If the CFPB finds that acts have been committed which it believes are harmful to consumers or even that the internal policies are not sufficient to protect consumers from unfair, deceptive and abusive acts or practices (commonly called UDAAP), then those institutions will be subject to swift and harsh fines.

If you are new to the industry, the CFPB can appear to be the giant yelling, “FEE FI FO FUM,” while the collection industry collectively scurries around finding places to hide.


Good question. It doesn’t really have to be that way.

Yes, it’s true that the CFPB has the authority to unilaterally decide which practices were UDAAP and what the fines for it would be for committing them.

But it’s also true that you can use the CFPB to your advantage, like the pressure-washing boss.

When the CFPB began auditing, it looked for findings in seven categories or seven different ‘modules’. And if you will forgive the brief praise of government work, the CFPB did a smart job of presenting these modules in a logical manner.

This is one of those times when the “super” is working for you, so use them to your advantage.  CFPB has provided guidelines so that you know your shop should have written, tested materials in each of these following modules:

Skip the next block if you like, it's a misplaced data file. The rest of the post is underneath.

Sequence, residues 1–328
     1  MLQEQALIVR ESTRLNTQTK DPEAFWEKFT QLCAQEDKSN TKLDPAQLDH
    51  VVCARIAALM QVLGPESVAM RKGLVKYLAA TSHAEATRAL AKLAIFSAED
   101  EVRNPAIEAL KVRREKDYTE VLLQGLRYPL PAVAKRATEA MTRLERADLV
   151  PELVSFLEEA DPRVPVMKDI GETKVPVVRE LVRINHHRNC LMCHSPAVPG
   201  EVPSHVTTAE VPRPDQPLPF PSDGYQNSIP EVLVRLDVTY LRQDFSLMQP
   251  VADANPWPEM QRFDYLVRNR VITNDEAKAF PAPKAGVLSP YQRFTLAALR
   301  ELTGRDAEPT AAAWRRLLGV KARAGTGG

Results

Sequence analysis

Module 1:        Your business model and work flow, including vendors

Module 2:        Communications (all communications to consumers)

Module 3:        Information sharing to third parties

Module 4:        Consumer complaints and dispute resolutions

Module 5:        Payment processing

Module 6:        Equal Credit Opportunity Act compliance

Module 7:        Litigation practices and knowing your legal limitations

These guidelines give debt collection attorneys and agencies that lucky break to perform well.

I don’t know about you, but if the person coming in to test me was willing to show me the test ahead of time, I wouldn’t be too intimidated about that.  And perhaps the tester wouldn’t feel like that much of a giant after all.

Now how do we get the CFPD to audit those defense attorneys?!